Start Taking an Interest in Interest: Student Loans

Oh, student loans. We lament you!

Student loan debt is fast becoming a crisis to rival credit card debt. Currently, more than over $1.48 TRILLION is owed by about 44 million current and former students in America.

This means young people are saddled with $20k, $30k, $50k, even $100k in debt by the time they graduate, before they even think about buying a car or a house.

But what are you supposed to do? You have to get an education somehow, right?

While there is not nearly enough education out there on the fine print of student loans and how to minimize the debt you do have, the focus of this post is interest (don’t worry, we will have a post all about student loans!).

You know what really irks us about student loans?

Here we have a bunch of kids with little to no training or experience about how credit works taking out HUGE amounts of loans because they have no other means to pay for school. The worst part is that students can get loans for everything, all at a hefty interest rate. In fact, many students use their loans for far more than legitimate education and living expenses (Cancun, anyone?) without realizing they’re racking up serious debt. Basically, lenders are taking advantage of financially naïve kids.

Let’s look at current Federal Direct Student Loan rates.

 

 

While these rates don’t seem too high compared to some of the ones we’ve been showing you, 6 or 7% is a lot to pay for people fresh out of college without much income or savings. As a result, most people pay off student loans with minimum payments every month (or defer them), and you should know by now how that usually ends up.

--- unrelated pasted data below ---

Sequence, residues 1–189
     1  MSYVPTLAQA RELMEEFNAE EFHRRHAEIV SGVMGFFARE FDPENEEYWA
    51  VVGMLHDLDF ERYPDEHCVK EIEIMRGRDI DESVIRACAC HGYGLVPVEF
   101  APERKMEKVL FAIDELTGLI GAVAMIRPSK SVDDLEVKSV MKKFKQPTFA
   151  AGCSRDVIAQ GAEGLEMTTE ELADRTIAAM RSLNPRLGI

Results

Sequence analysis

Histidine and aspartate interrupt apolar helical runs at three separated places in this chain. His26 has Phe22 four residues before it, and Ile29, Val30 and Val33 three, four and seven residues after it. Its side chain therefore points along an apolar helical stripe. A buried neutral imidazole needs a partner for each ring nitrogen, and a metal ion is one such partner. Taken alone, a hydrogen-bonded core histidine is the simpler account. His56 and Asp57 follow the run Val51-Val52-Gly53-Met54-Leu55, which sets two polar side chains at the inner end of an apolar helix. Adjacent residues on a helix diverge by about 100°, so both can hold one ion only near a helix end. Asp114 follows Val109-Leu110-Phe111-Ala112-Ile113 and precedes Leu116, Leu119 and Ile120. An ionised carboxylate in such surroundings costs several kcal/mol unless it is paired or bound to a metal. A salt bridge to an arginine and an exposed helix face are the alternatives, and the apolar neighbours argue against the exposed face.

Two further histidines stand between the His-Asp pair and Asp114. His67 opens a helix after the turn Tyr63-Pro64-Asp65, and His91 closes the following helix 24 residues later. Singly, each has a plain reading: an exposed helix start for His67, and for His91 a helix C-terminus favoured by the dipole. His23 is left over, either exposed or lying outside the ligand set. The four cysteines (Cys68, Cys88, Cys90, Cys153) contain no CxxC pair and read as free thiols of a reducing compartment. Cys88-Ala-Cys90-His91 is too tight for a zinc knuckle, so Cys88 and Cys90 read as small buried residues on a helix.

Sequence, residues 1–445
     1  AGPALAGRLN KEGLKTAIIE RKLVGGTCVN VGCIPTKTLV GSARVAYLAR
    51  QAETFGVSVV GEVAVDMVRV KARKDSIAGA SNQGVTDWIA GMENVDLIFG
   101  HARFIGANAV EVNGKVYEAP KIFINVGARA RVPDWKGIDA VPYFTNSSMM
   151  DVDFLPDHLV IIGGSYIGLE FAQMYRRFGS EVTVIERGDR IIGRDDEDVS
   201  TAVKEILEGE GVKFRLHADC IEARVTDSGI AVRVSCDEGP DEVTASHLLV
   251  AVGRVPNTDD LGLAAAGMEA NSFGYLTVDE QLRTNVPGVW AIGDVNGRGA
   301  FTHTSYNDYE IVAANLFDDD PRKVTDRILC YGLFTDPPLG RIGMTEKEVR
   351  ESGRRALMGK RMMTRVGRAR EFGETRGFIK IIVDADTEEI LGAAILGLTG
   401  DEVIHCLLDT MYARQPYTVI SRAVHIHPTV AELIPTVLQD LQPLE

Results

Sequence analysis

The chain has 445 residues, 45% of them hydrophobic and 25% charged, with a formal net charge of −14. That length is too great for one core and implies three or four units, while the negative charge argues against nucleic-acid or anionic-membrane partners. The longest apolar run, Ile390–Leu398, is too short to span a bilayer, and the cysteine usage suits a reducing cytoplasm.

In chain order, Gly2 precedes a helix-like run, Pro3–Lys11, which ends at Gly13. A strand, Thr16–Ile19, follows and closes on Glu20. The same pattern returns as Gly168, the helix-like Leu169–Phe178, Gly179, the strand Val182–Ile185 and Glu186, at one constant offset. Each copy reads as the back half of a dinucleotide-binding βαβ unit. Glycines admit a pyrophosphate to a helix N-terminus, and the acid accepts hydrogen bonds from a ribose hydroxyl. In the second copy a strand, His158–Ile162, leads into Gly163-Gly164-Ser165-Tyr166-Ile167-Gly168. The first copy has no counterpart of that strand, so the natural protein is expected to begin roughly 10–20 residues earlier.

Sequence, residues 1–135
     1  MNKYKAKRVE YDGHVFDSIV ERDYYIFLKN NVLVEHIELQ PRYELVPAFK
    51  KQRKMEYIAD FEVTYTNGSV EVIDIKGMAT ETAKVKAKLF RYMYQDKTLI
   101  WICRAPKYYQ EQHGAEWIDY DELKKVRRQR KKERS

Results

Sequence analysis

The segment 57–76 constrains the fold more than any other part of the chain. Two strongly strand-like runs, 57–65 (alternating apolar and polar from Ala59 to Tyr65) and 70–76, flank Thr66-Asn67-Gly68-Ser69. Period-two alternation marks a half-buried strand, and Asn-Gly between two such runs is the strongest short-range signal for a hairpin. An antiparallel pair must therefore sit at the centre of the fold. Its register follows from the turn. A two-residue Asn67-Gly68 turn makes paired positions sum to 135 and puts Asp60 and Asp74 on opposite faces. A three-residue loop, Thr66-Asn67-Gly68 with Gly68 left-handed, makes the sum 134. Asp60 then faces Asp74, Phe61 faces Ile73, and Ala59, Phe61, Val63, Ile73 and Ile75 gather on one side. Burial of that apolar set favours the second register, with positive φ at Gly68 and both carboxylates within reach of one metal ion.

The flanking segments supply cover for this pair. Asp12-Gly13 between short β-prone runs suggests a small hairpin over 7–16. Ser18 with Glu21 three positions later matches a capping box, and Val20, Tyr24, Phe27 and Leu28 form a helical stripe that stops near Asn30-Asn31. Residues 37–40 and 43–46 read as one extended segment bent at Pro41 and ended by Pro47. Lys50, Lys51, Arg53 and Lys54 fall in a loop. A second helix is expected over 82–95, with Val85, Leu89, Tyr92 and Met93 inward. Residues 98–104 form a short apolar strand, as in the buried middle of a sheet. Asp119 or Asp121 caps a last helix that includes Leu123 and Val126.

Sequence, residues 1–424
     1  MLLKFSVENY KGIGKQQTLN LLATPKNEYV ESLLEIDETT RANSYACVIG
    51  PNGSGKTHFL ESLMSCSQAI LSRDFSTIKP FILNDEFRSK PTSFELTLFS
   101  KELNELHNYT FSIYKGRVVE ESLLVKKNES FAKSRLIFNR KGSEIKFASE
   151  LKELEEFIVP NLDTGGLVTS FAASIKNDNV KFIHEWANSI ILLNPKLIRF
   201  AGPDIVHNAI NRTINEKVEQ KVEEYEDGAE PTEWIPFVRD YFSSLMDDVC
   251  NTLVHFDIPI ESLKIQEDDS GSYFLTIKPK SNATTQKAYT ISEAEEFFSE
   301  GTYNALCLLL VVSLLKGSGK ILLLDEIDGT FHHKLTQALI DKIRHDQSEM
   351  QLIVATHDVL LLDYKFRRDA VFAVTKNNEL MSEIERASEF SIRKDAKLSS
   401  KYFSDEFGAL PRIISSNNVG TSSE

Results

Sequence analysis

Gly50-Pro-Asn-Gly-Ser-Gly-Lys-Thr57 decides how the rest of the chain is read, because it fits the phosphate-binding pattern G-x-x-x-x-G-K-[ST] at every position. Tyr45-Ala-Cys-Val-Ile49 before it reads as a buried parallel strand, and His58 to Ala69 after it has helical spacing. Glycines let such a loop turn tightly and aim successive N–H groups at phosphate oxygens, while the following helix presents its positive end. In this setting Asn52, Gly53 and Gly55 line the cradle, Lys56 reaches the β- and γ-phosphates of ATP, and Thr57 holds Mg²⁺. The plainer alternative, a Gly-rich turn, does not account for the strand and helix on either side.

Take a look at some examples (found at Navient). You can also use a customized repayment estimator at StudentLoans.gov.

 

 

As you can see, even with low to mid-level (compared to credit cards) interest rates the amount of interest you’ll pay over 10 years is pretty substantial. As always, the best way to reduce interest paid is to pay extra toward the principal as often as possible. This should especially be a focus once you have a stable job, and paying off student loans should be a priority BEFORE accruing more debt.

But this isn’t even the worst thing.

Most people know that student loans don’t begin accruing interest until you’ve graduated, and you’re usually allowed a 6-month grace period, right?

Not always. Did you know that some student loans start accruing interest when they’re dispersed? Your “grace” period is really their harvest period!

This means your loans may begin accruing interest when you get them, not when you graduate!

If you have Direct Unsubsidized, FFELP Unsubsidized, Direct and FFELP PLUS, or Private loans check your statements, because your loans are likely accruing interest as we speak. This means you may have several years of interest built up on your loan before you even start paying it back!

Don’t worry too much, though, you can begin paying your loan back the day after you obtain it. If you can afford to while going to school, a $50 or $100 payment each month will substantially reduce the interest you pay by the time you graduate. Or better yet, don’t take out as many loans in the first place!

 

Moral of the Story

Unfortunately, many people are backed into a corner when it comes to student loans, and they have to take whatever options are given to them. Despite the limited options, there are some things you can do to reduce the amount of interest you’ll pay on student loans.

First, take out as few loans as possible, and only use loans for school-related expenses.

Next, DO NOT defer your loans unless absolutely necessary, as interest will still accrue on them. When you do begin to pay back your loans, make more than the minimum monthly payment if possible.